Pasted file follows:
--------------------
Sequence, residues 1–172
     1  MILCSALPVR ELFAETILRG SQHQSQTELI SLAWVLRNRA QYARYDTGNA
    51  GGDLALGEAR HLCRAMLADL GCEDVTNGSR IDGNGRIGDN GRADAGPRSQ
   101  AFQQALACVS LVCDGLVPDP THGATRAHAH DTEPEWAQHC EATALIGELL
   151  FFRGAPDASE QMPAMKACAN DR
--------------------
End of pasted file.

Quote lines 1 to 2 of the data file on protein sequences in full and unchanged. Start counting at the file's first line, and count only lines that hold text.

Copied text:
Sequence, residues 1–172
     1  MILCSALPVR ELFAETILRG SQHQSQTELI SLAWVLRNRA QYARYDTGNA